count, N=10000 |
---|---|---|

i = 0 |
1 | 1 |

j = i + 1 |
1 to $N$ | 1 to 10000 |

less than (<) |
2 to ($N^2+3N+2$)$/2$ | 2 to 50,015,001 |

increment (+=1) |
0 to ($N^2+N$)$/2$ | 0 to 50,005,000 |

equals (==) |
1 to ($N^2-N$)$/2$ | 1 to 49,995,000 |

array accesses |
2 to $N^2-N$ | 2 to 99,990,000 |

`dup2`

operation |
symbolic count |
count, N=10000 |
---|---|---|

i = 0 |
1 | 1 |

less than (<) |
0 to N | 0 to 10000 |

increment (+=1) |
0 to N - 1 | 0 to 9999 |

equals (==) |
1 to N - 1 | 1 to 9999 |

array accesses |
2 to 2N - 2 | 2 to 19998 |

### Answer (and Why Scaling Matters)

`dup2`

is better! But why?

- An answer: It takes fewer operations to accomplish the same goal.
- Better answer: Algorithm scales better in the worst case $(N^2 + 3N + 2)/2$ vs. $N$
- Even better answer: Parabolas $N^2$ grow faster than lines $N$
- Note: This is the same idea as our “better” answer, but it provides a more general geometric intuition.

### Asymptotic Behavior

In most cases, we only care about what happens for very large N (asymptotic behavior). We want to consider what types of algorithms would best handle big amounts of data, such as in the examples listed below:

- Simulation of billions of interacting particles
- Social network with billions of users
- Encoding billions of bytes of video data

Algorithms that scale well (i.e. look like lines) have better asymptotic runtime behavior than algorithms that scale relatively poorly (i.e. looks like parabolas).

#### Parabolas vs. Lines

What about constants? If we had functions that took $2N^2$ operations vs. $500N$ operations, wouldn’t the one that only takes $2N^2$ operations be faster in certain cases, like if N = 4 (32 vs. 20,000 operations).

- Yes! For some small $N$, $2N^2$ may be smaller than $500N$.
- However, as $N$ grows, the $2N^2$ will dominate.
- i.e. N = 10,000 → 2*100000000 vs. 5 * 1000000

The important thing is the “shape” of our graph (i.e. parabolic vs. linear) Let us (for now) informally refer to the shape of our graph as the “orders of growth”.

### Returning to Duplicate Finding

Returning to our original goals of characterizing the runtimes of `dup1`

vs. `dup2`

- They should be
**simple**and**mathematically rigorous.** - They should also clearly demonstrate the
**superiority of dup2 over dup1.**

We’ve accomplished the second task! We were able to clearly see that `dup2`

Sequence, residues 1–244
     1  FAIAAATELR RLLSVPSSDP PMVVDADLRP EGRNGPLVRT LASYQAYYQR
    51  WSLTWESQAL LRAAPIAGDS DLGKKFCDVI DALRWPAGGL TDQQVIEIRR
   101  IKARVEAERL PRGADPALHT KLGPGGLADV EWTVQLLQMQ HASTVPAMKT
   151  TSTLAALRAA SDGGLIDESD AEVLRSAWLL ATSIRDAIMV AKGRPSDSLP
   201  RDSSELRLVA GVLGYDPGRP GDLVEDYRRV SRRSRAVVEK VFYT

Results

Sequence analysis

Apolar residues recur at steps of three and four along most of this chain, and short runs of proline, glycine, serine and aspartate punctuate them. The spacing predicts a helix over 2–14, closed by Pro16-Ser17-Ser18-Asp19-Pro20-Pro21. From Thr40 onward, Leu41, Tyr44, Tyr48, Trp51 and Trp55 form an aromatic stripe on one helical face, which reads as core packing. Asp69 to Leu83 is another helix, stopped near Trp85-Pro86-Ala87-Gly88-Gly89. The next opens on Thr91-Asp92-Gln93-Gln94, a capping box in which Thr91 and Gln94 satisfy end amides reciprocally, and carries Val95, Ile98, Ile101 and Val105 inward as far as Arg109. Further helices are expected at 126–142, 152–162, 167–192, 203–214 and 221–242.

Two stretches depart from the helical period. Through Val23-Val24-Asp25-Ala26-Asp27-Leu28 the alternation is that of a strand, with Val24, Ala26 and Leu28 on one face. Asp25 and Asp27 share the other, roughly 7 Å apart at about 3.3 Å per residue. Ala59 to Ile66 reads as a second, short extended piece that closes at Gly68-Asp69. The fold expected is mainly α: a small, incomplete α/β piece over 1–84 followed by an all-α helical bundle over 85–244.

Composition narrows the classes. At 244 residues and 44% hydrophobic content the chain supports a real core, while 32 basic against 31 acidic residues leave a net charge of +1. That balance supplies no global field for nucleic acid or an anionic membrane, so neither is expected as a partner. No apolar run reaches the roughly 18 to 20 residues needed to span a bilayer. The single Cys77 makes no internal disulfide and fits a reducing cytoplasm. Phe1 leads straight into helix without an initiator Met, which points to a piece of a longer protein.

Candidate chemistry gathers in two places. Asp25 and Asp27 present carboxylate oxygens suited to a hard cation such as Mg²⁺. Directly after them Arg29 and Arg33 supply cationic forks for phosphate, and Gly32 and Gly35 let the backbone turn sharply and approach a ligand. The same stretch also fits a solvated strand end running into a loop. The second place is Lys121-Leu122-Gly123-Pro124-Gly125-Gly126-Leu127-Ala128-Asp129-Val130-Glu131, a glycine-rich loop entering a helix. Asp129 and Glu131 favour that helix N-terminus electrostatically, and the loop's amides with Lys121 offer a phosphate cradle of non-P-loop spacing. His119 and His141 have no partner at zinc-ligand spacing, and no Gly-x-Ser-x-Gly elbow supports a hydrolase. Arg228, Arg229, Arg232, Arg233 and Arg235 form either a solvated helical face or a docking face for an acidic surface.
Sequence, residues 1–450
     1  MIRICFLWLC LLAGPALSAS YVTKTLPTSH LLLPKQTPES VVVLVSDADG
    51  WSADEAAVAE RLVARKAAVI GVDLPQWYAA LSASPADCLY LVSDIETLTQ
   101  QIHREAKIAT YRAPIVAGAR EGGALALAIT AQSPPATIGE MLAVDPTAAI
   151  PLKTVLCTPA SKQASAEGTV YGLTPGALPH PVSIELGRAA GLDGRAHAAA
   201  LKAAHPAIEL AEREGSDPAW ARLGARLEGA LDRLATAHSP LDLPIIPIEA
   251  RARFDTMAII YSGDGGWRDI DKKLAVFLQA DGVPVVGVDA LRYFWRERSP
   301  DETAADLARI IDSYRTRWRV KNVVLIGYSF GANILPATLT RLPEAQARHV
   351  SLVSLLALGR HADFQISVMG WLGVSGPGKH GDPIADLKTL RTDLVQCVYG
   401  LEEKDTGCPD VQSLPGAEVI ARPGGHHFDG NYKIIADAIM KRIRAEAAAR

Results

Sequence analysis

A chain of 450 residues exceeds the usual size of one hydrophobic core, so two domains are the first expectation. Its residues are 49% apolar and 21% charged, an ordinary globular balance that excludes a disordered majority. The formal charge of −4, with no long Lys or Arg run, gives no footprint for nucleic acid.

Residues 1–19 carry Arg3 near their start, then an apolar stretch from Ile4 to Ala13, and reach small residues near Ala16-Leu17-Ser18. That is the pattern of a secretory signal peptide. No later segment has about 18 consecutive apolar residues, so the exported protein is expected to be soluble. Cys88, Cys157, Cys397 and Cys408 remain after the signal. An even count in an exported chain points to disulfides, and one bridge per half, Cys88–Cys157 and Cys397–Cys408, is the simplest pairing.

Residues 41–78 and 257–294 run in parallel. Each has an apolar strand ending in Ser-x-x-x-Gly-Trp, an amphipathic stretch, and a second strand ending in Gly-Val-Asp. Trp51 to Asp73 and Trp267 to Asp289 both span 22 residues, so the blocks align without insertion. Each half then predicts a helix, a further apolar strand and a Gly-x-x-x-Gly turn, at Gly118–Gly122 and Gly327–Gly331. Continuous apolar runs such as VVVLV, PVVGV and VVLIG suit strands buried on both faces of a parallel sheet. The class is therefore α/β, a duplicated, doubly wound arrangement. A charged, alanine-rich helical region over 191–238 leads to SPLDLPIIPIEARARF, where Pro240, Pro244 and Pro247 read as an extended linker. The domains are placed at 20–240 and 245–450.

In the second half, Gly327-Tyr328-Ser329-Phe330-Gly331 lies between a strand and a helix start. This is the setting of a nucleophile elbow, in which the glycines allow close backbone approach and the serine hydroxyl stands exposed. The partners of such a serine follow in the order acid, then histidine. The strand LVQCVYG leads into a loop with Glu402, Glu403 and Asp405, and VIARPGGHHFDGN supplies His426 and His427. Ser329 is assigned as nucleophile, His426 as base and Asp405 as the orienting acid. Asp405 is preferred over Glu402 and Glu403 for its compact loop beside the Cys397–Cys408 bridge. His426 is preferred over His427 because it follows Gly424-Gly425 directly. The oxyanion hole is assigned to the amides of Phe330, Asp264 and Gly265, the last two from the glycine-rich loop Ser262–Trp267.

performed better than `dup1`

. However, we didn’t do it in a very simple or mathematically rigorous way.

We did however talk about how `dup1`

performed “like” a parabola, and `dup2`

performed “like” a line. Now, we’ll be more formal about what we meant by those statements by applying the four simplifications.

#### Intuitive Simplification 1: Consider only the Worst Case

When comparing algorithms, we often only care about the worst case (though we'll see some exceptions later in this course).

**Checkpoint**: Order of Growth Identification

Consider the counts for the algorithm below. What do you expect will be the order of growth of the runtime for the algorithm?

- $N$ [linear]
- $N^2$ [quadratic]
- $N^3$ [cubic]
- $N^6$ [sextic]

operation |
count |
---|---|

less than (<) |
$100N^2+ 3N$ |

greater than (>) |
$N^3+ 1$ |

and (&&) |
$5,000$ |

**Answer**: It’s cubic ($N^3$)!

- Why? Here’s an argument:
- Suppose the $<$ operator takes $\alpha$ nanoseconds, the $>$ operator takes $\beta$ nanoseconds, and && takes $\gamma$ nanoseconds.
- Total time is $\alpha(100N^2 + 3N) + \beta(2N^3 + 1) + 5000\gamma$ nanoseconds.
- For very large N, the $2 \beta N^3$ term is much larger than the others.
- You can think of it in terms of calculus if it helps.
- What happens as N approaches infinity? When it becomes super large? Which term ends up dominating?
- Very
**important**point/observation to understand why this term is much larger!

#### Intuitive Simplification 2: Restrict Attention to One Operation

Pick some representative operation to act as a proxy for overall runtime.

- Good choice:
`increment`

, or**less than**or**equals**or**array accesses** - Bad choice:
**assignment of**`j = i + 1`

, or`i = 0`

The operation we choose can be called the “**cost model**.”

#### Intuitive Simplification 3: Eliminate Low Order Terms

Ignore lower order terms!

**Sanity check**: Why does this make sense? (Related to the checkpoint above!)

#### Intuitive Simplification 4: Eliminate Multiplicative Constants

Ignore multiplicative constants.

- Why? No real meaning!
- Remember that by choosing a single representative operation, we already “threw away” some information
- Some operations had counts of $3N^2$, $N^2/2$, etc. In general, they are all in the family/shape of $N^2$!

This step is also related to the example earlier of $500N$ vs. $2N^2$.

### Simplification Summary

- Only consider the worst case.
- Pick a representative operation (aka: cost model)
- Ignore lower order terms
- Ignore multiplicative constants.

**Checkpoint**: Apply these four steps to `dup2`

, given the following tables.

operation |
count |
---|---|

i = 0 |
1 |

less than (<) |
0 to N |

increment (+=1) |
0 to N - 1 |

equals (==) |
1 to N - 1 |

array accesses |
2 to 2N - 2 |

operation |
worst case orders of growth |
---|---|

**Sample Answer: **`Array accesses`

| `N`

, or `less than/increment/equals`

|`N`

**Summary of our (Painful) Analysis Process**

- Construct a table of exact counts of all possible operations (takes lots of effort!)
- Convert table into worst case order of growth using 4 simplifications.

But, what if we just avoided building the table from the get-go, by using our simplifications from the very start?

### Simplified Analysis Process

Rather than building the entire table, we can instead: